LPG cars in winter - low temperatures
Electric capacity of the starting battery goes down proportionally to the decrease in air temperature. This lowers voltage during start-up which may result in problems with starting the engine, especially if the drive unit is cold. Many additional devices used in winter (rear windowpane heating, wipers, air conditioning) put additional load on the electrical system and the battery in autumn and winter. Larger load on installation and additional voltage drop resulting from the use of those devices in combination with limited battery capacity (it draws more power during the start-up due to thickened engine oil) mean that the electrical system in winter works in extreme conditions. That’s why it needs to be fully operational and the battery must be fully charged. Even the slightest damage to the electrical system will put more load on it.
Users of cars with low daily mileage over the course of a year may not even know that the battery is not fully charged. As long as the temperature is above zero or not much below zero, the battery will work properly. But its efficiency will be verified when more severe cold strikes. Starting the engine may become problematic or even impossible.
Therefore, before it gets really cold, it’s good to make sure the electrical system is fully operational and the battery fully charged.
Petrol supply system
The level of petrol in the tank should allow lubrication and cooling of the fuel pump, and cold starting. It’s crucial because in modern gas supply systems, start-up is carried out only using petrol.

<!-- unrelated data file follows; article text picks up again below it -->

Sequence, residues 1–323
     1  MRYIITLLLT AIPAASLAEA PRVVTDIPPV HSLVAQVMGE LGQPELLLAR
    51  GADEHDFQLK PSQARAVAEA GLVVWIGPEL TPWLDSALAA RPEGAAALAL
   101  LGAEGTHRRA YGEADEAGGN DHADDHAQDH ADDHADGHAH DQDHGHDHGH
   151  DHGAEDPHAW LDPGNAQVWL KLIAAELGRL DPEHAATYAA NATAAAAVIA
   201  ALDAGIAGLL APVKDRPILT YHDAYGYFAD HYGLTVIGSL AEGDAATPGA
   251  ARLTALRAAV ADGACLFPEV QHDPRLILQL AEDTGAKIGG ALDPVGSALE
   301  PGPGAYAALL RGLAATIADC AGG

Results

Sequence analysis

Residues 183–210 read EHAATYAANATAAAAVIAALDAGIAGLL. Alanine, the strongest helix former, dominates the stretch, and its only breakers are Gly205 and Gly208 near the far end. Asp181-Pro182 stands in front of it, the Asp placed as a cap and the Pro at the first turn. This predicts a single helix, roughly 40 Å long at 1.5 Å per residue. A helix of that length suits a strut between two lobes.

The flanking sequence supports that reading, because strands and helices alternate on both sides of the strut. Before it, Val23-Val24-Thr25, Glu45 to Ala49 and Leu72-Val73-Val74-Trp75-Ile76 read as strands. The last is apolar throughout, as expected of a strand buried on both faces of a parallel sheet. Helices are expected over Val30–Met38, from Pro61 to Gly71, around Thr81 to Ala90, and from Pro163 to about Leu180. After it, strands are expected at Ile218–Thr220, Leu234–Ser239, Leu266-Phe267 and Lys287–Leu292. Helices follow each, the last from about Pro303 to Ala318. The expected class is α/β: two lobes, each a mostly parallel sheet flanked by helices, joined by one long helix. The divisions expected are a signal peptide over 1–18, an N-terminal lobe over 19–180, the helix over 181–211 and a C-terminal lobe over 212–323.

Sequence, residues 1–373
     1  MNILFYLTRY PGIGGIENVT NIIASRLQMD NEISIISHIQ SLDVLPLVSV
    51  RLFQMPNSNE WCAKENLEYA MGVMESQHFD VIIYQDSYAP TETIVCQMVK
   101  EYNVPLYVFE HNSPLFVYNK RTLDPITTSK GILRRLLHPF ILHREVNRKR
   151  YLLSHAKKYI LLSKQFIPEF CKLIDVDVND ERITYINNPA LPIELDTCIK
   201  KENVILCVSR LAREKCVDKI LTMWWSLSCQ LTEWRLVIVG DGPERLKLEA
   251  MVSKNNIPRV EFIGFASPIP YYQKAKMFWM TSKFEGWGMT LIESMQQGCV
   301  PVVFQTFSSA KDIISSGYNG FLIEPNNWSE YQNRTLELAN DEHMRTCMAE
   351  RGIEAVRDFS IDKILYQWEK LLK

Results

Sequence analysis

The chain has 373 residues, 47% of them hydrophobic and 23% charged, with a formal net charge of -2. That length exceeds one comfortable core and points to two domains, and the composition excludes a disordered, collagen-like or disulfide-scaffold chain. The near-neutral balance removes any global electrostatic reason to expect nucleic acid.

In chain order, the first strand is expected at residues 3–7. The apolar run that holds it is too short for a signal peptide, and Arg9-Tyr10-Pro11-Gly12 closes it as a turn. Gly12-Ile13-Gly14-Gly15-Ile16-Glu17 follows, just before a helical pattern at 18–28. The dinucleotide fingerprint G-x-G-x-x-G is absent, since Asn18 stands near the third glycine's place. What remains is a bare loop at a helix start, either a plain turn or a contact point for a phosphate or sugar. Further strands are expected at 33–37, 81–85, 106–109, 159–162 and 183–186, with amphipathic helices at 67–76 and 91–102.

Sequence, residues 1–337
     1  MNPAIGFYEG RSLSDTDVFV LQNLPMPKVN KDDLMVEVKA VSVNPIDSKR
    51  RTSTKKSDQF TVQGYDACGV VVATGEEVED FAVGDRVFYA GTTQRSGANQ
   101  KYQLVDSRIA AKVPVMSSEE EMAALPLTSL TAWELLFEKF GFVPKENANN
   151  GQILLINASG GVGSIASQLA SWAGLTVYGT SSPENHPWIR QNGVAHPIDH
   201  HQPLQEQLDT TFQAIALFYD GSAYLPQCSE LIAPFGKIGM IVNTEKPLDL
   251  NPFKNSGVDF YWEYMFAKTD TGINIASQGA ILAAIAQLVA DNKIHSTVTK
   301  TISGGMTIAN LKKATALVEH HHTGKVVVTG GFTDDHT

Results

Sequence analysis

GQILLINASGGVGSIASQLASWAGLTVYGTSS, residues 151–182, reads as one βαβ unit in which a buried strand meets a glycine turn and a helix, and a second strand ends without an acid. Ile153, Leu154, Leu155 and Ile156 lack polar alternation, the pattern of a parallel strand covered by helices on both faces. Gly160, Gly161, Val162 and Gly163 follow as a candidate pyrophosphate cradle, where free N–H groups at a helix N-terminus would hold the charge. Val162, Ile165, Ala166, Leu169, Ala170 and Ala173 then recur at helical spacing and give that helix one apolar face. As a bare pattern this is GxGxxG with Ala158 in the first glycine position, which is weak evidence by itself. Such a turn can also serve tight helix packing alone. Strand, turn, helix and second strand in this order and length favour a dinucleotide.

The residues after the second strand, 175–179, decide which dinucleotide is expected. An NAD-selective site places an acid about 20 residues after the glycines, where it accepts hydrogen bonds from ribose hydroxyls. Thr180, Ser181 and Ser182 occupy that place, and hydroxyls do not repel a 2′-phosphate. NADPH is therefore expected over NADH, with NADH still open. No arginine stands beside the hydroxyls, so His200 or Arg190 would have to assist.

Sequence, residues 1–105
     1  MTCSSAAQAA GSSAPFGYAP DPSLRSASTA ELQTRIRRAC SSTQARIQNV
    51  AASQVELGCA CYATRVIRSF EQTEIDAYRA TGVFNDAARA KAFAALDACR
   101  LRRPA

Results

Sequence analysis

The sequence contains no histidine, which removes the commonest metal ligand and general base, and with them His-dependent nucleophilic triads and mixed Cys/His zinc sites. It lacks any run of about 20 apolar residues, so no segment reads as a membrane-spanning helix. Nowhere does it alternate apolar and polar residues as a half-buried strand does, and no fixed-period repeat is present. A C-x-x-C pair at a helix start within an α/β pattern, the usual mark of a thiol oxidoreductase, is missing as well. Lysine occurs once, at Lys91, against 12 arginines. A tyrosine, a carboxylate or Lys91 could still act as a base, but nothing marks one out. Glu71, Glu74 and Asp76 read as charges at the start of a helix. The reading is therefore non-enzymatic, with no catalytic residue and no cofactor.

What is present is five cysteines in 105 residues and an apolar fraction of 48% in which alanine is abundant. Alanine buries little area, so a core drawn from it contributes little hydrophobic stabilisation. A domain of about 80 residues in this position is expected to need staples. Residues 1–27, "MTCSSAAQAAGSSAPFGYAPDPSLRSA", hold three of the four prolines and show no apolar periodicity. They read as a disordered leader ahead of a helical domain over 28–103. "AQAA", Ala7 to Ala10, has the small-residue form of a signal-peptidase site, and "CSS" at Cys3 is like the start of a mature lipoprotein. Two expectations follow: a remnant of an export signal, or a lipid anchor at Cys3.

A low level of petrol in winter may result in water condensation on the inner walls of the tank. Water that leaks to gasoline can cause difficulty in starting the engine and irregularities in its work. This occurs typically in cars with older installations (1st and 2nd generation, without temperature sensor in the regulator), in which the use of petrol during start-up is up to the driver. Overly thrifty users, who limit fuel consumption by shortening the time the engine runs on petrol or even by starting up the engine on gas, may be exposed to some trouble that comes directly with such action. Gas systems of later generations force drivers to use petrol in the initial period after start-up, eliminating the abovementioned problem.
In winter, you should also take into account that fuel consumption is higher, as the engine works longer on start-up fuel and it takes a longer while for it to reach the temperature, at which it is possible to switch to LPG.
Low temperatures also adversely affect autogas systems. Oily contaminants accumulating in various elements of the installation that LPG flows through in the gaseous state at low temperatures, thicken. It’s most problematic when these contaminants accumulate in the common rail (4th generation) and the regulator-evaporator (1st to 4th generation). The contaminants that change their state of aggregation (thickening) “stick” to all elements that have any contact with them. It may cause the regulators (increased membranes friction) and injectors (limited piston movement) to malfunction.
Unfavorable conditions that occur in winter cause accumulation of potential problems in a car. Reduced battery voltage hindering start-up, water in fuel, thick oil in the engine and the power transmission system, as well as problems with ignition system resulting from increased humidity, may in extreme situations make starting the engine impossible. Therefore, it’s better to think about taking care of technical condition of the drive unit and gas installation before winter comes, because when it does finally come, any negligence will emerge with a vengeance.
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